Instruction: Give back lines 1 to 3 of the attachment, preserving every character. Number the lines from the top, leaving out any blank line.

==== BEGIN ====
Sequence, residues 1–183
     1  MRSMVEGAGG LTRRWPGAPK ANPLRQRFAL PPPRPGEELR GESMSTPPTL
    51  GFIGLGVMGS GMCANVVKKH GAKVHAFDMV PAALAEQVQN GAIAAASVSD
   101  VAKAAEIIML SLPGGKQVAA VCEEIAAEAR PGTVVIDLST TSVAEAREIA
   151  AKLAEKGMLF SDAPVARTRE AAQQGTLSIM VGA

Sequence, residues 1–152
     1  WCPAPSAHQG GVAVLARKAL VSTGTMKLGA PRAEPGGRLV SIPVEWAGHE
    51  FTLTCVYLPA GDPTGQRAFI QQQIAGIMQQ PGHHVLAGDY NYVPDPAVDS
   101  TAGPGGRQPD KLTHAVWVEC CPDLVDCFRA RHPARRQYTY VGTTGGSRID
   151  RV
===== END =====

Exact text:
Sequence, residues 1–183
     1  MRSMVEGAGG LTRRWPGAPK ANPLRQRFAL PPPRPGEELR GESMSTPPTL
    51  GFIGLGVMGS GMCANVVKKH GAKVHAFDMV PAALAEQVQN GAIAAASVSD